Content analysis

For the quantitative component of the study, a range of identifying and descriptive information about each media item was provided by Isentia and used to characterise the extent of media reporting on violence against women. A stratified random sample of 10 percent of items was selected for in-depth content analysis. Trained coders extracted information about the nature of media reporting on violence against women.

Critical discourse analysis

For the qualitative component of the study, particular groups of media items (case studies) were selected to explore the discursive practices through which journalists construct news stories. The case studies were selected because they had gained significant attention in the media by way of volume of reporting and represented different forms of violence against women. The approach to analysis was through a critical discourse lens in which detailed linguistic textual analysis was used to examine print and online media items on the three case studies in their social and cultural contexts.


The final sample included 4516 items in connection with violence against women, comprising 1870 radio broadcasts (41.4%), 1332 items from online news sites (29.5%), 929 newspaper articles (20.6%) and 385 television broadcasts (8.5%). Taking into account syndication, where the same news item is broadcast or published by different media outlets, these items appeared in, or were broadcast more than 15,000 times during the 4 month data collection period. This volume of reporting suggests media coverage of violence against women has the potential to reach a wide audience. There was considerable month-by-month variation, largely driven by high profile media stories.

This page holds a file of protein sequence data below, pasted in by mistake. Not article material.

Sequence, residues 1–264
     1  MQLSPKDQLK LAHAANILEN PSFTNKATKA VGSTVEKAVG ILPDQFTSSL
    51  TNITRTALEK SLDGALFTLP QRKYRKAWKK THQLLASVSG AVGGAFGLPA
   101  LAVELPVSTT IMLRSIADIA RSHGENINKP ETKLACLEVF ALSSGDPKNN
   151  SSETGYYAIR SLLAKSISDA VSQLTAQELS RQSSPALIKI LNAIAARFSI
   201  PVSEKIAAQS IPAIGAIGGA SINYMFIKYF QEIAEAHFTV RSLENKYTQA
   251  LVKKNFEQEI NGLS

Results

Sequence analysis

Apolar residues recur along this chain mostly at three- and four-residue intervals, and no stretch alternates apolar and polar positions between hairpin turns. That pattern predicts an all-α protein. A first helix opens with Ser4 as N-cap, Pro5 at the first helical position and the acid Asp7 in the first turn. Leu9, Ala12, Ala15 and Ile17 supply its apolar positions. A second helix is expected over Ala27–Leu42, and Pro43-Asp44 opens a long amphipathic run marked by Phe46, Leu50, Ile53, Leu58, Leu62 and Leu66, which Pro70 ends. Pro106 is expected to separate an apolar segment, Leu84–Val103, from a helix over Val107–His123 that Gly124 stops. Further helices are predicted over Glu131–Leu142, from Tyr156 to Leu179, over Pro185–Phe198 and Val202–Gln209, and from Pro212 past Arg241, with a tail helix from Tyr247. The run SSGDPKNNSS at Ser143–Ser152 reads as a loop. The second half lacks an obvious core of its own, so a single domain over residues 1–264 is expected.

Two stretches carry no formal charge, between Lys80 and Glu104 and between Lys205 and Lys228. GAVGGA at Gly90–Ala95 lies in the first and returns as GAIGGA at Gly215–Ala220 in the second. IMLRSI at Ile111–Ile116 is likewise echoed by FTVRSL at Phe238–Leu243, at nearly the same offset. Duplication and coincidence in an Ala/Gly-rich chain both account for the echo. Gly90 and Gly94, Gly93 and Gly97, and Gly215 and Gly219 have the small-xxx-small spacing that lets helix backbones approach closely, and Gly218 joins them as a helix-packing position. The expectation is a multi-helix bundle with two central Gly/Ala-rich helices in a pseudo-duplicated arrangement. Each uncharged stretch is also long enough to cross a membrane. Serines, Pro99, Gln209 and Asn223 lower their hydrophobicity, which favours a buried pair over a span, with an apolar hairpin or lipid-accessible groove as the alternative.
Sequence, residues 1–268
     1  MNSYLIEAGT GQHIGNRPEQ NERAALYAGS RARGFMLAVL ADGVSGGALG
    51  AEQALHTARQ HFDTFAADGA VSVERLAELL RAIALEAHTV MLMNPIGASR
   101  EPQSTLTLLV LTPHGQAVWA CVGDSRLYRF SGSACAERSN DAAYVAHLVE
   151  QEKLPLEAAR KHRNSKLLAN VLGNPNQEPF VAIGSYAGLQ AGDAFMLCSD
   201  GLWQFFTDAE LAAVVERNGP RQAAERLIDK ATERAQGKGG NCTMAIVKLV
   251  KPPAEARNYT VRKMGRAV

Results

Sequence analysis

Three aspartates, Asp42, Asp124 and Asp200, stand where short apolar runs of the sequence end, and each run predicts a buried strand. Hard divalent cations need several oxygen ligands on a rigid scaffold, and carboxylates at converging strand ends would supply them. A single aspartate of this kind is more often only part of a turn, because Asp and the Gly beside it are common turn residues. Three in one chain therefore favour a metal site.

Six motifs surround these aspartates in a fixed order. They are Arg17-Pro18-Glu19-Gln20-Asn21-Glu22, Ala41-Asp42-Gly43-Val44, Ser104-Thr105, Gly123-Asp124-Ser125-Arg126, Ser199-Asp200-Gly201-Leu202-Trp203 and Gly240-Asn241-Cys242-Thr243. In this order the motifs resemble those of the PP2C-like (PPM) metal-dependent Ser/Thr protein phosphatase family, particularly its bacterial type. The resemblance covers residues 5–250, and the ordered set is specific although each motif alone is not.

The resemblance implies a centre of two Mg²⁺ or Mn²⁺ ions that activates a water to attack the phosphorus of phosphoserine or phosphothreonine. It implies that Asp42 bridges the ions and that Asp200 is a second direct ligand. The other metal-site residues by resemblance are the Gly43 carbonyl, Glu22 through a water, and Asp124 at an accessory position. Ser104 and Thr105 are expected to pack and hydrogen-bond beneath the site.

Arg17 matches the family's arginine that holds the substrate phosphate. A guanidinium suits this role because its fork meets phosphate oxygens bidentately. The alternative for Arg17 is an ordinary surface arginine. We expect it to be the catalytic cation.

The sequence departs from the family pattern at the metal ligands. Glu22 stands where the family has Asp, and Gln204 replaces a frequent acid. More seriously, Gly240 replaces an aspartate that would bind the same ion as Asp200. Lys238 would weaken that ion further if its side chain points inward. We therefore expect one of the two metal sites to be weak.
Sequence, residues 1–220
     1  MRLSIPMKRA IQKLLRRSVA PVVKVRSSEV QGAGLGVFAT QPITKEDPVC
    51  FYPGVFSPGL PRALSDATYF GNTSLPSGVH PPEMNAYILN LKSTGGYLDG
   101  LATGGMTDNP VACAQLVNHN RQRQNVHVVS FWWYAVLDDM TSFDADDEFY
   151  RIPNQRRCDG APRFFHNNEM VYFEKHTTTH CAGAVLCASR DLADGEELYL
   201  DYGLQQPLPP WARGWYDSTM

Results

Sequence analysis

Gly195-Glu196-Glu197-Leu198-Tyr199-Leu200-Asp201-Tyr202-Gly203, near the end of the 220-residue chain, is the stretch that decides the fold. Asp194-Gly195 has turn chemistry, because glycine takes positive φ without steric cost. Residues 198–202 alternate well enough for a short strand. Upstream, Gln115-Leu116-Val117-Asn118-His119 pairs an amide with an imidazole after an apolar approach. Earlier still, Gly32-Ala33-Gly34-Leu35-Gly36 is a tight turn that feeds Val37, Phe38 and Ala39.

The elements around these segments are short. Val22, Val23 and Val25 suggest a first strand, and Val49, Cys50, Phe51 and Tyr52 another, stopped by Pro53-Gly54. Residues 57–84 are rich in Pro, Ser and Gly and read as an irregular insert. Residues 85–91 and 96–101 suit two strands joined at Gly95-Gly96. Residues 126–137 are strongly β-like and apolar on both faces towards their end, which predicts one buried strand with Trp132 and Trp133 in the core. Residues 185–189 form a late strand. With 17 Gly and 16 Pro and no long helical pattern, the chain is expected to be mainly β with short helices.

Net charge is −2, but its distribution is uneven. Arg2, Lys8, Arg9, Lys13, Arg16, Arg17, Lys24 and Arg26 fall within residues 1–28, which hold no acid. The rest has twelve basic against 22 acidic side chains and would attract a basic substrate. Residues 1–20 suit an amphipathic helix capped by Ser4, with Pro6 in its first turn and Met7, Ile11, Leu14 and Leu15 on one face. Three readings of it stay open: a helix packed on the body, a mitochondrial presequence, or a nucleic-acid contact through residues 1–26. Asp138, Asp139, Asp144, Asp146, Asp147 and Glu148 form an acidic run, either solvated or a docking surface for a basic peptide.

The content analyses identified that:

  • coverage of violence against women tended to focus on individual incidents without providing information about the social context or the underlying drivers of violence;
  • few media items included information for women (or men) on where to seek help;
  • physical and sexual violence, particularly fatal events, were reported more frequently than other forms of gender-based violence;
  • the use of sensational headlines, graphic language and photographs that minimised or trivialised the issue were a concern, although these were in the minority;
  • some media reports on sexual violence referenced the behaviour of women, thereby inferring mutuality in the abuse;
  • many media reports provided no information about male perpetrators of crime rendering their presence invisible in most media coverage; and
  • media relied primarily on criminal justice professionals as sources of information in news reports on violence against women.

The critical discourse analyses identified that:

  • media act in a myriad of ways to perpetuate ambiguity and ambivalence concerning the definition, the dynamics and the harms of family violence and sexual assault;
  • story angles, story structures and lexical features, such as how the people were represented and the word choices used to describe them, contributed to discursively minimising the harms of rape and domestic violence; and
  • some news stories were presented in a sensationalist manner and others were not; and
  • the angles or aspects of the stories pursued in news items pointed to editorial judgements about relevance or perceived news value.

Strengths and limitations

This study was one of the largest of its kind internationally, as it collected data on media reports on violence against women from a representative sample of media in Australia, including newspapers, radio, television and online. While considerable effort was made to ensure our approach to data collection and analysis was methodologically sound, the following key limitations should be considered:

  • the sampling frame was restricted to a selection of states, a selection of newspapers in those states and a small selection of online news sites;
  • the content of broadcast news items (radio and television) were available as summaries only restricting the level of detail available;
  • the content analysis sample was restricted to a stratified random sample of 10 percent of items;